Lemma 34.3.16. Let $\mathit{Sch}_{Zar}$ be a big Zariski site. Let $f : T \to S$ be a morphism in $\mathit{Sch}_{Zar}$.

1. We have $i_ f = f_{big} \circ i_ T$ with $i_ f$ as in Lemma 34.3.12 and $i_ T$ as in Lemma 34.3.13.

2. The functor $S_{Zar} \to T_{Zar}$, $(U \to S) \mapsto (U \times _ S T \to T)$ is continuous and induces a morphism of topoi

$f_{small} : \mathop{\mathit{Sh}}\nolimits (T_{Zar}) \longrightarrow \mathop{\mathit{Sh}}\nolimits (S_{Zar}).$

The functors $f_{small}^{-1}$ and $f_{small, *}$ agree with the usual notions $f^{-1}$ and $f_*$ is we identify sheaves on $T_{Zar}$, resp. $S_{Zar}$ with sheaves on $T$, resp. $S$ via Lemma 34.3.11.

3. We have a commutative diagram of morphisms of sites

$\xymatrix{ T_{Zar} \ar[d]_{f_{small}} & (\mathit{Sch}/T)_{Zar} \ar[d]^{f_{big}} \ar[l]^{\pi _ T} \\ S_{Zar} & (\mathit{Sch}/S)_{Zar} \ar[l]_{\pi _ S} }$

so that $f_{small} \circ \pi _ T = \pi _ S \circ f_{big}$ as morphisms of topoi.

4. We have $f_{small} = \pi _ S \circ f_{big} \circ i_ T = \pi _ S \circ i_ f$.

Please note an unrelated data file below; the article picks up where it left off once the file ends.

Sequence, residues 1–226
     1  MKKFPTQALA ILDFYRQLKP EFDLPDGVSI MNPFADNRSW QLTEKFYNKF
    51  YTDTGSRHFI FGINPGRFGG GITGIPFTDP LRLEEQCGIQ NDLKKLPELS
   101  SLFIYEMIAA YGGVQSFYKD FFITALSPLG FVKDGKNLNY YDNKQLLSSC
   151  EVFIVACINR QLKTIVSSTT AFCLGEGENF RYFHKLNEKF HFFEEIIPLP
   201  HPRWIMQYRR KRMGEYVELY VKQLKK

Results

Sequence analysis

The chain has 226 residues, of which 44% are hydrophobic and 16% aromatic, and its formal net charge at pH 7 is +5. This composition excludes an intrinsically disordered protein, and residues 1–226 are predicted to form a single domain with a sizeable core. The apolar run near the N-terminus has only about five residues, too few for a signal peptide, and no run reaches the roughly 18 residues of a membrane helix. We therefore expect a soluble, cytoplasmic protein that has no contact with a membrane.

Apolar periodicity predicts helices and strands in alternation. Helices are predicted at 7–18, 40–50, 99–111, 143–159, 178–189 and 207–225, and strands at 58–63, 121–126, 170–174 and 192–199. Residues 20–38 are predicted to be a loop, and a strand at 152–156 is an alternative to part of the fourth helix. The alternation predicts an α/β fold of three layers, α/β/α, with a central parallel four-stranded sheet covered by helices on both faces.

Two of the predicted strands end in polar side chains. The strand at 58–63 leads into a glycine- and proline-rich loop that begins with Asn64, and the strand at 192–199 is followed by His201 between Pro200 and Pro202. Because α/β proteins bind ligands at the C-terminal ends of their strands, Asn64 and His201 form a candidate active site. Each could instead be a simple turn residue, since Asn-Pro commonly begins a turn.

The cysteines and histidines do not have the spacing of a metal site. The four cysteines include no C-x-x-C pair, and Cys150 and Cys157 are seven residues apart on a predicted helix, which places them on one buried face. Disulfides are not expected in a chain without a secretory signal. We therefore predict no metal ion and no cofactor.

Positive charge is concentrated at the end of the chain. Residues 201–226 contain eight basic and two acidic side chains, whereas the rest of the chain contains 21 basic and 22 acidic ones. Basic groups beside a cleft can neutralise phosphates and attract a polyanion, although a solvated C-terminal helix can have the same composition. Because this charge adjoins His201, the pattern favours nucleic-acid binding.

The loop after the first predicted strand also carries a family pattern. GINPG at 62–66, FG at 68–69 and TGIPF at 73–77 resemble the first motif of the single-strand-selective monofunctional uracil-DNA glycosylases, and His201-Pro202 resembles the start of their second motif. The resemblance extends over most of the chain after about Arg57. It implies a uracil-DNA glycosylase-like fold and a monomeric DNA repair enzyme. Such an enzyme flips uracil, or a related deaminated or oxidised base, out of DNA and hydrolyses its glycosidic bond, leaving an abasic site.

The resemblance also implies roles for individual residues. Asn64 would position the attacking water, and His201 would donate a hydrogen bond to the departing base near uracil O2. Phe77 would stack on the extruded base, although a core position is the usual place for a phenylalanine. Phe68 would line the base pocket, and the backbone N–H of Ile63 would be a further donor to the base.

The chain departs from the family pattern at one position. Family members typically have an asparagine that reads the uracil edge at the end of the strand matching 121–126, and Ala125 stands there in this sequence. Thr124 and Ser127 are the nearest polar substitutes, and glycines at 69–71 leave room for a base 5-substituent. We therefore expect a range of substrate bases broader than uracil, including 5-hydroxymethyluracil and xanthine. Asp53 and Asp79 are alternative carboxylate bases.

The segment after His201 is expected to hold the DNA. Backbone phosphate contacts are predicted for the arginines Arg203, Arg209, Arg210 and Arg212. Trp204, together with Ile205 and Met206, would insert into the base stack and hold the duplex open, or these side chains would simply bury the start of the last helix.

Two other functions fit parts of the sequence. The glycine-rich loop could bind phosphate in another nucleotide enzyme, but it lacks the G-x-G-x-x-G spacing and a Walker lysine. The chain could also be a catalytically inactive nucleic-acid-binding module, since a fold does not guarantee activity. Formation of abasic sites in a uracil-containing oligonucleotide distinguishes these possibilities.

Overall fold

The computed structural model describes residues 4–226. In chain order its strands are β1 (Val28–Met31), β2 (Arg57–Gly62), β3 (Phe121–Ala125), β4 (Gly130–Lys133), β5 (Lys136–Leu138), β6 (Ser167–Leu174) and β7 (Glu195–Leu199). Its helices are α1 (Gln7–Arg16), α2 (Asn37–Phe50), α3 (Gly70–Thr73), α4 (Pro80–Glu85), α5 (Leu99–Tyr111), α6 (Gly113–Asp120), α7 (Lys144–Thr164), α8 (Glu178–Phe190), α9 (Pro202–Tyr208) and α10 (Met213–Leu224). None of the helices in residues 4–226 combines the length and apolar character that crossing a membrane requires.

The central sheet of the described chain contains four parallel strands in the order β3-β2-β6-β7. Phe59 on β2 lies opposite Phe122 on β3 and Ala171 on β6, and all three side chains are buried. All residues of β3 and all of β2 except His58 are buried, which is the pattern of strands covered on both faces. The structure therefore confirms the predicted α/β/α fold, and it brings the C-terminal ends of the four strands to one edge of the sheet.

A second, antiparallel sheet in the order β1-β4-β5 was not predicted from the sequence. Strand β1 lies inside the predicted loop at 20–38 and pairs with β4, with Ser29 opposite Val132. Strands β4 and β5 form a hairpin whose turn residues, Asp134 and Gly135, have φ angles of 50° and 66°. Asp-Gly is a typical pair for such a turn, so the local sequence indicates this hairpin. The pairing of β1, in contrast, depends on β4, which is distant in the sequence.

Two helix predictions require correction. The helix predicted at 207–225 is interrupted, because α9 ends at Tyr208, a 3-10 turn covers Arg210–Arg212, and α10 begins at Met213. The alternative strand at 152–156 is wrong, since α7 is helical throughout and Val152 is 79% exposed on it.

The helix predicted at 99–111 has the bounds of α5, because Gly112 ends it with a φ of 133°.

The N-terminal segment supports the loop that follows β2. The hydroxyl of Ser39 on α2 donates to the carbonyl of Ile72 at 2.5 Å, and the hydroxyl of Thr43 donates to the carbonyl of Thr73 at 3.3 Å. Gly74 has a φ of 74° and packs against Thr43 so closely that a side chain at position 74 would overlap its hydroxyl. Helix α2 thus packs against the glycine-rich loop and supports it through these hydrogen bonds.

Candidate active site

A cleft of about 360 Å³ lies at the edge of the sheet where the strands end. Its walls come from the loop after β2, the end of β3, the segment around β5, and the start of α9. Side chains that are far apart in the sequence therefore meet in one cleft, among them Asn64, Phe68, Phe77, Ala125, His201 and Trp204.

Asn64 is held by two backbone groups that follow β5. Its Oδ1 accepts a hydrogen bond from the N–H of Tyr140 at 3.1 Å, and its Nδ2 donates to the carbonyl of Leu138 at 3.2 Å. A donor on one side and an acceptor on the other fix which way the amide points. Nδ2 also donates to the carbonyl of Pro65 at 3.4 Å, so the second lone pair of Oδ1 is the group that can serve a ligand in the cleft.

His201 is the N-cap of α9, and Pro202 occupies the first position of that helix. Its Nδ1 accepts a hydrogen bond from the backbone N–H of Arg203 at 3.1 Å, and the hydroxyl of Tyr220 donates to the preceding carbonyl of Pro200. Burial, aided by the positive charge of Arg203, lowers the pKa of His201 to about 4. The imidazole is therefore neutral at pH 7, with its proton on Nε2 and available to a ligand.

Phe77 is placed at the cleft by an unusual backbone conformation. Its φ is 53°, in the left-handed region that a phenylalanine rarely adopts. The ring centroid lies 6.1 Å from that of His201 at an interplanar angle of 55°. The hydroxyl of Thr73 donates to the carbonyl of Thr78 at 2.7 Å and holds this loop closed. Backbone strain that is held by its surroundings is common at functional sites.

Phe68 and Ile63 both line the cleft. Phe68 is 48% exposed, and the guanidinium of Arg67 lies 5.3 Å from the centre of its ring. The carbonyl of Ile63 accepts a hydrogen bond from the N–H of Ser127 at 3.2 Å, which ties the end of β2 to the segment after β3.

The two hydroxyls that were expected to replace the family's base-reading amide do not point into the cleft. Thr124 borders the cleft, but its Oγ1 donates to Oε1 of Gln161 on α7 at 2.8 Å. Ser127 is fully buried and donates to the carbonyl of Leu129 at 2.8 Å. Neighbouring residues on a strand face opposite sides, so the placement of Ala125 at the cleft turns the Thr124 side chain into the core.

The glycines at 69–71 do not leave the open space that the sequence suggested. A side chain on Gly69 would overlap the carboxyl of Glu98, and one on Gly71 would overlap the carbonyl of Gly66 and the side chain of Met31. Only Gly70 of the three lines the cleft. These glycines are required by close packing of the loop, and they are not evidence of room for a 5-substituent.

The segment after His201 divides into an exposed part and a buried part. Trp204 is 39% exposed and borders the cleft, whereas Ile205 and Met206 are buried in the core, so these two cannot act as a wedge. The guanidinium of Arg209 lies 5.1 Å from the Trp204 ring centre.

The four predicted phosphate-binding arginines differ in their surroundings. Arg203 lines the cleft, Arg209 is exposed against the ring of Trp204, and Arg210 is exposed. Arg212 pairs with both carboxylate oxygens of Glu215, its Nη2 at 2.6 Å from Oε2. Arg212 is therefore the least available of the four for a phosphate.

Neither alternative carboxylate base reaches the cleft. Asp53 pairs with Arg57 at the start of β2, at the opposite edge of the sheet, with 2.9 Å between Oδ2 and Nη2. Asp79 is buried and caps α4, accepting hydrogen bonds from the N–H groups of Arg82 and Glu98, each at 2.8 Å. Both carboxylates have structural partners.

Proof. The equality $i_ f = f_{big} \circ i_ T$ follows from the equality $i_ f^{-1} = i_ T^{-1} \circ f_{big}^{-1}$ which is clear from the descriptions of these functors above. Thus we see (1).

Statement (2): See Sites, Example 7.14.2.

Part (3) follows because $\pi _ S$ and $\pi _ T$ are given by the inclusion functors and $f_{small}$ and $f_{big}$ by the base change functor $U \mapsto U \times _ S T$.

Statement (4) follows from (3) by precomposing with $i_ T$. $\square$

In your comment you can use Markdown and LaTeX style mathematics (enclose it like $\pi$). A preview option is available if you wish to see how it works out (just click on the eye in the toolbar).

Unfortunately JavaScript is disabled in your browser, so the comment preview function will not work.

In order to prevent bots from posting comments, we would like you to prove that you are human. You can do this by filling in the name of the current tag in the following input field. As a reminder, this is tag 0211. Beware of the difference between the letter 'O' and the digit '0'.